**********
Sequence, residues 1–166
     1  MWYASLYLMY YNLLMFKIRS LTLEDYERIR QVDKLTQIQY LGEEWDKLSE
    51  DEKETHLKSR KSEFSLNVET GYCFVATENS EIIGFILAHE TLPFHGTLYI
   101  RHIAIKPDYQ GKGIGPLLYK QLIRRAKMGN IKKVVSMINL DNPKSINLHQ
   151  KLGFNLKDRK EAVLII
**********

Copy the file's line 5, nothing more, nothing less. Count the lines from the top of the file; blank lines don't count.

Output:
   151  KLGFNLKDRK EAVLII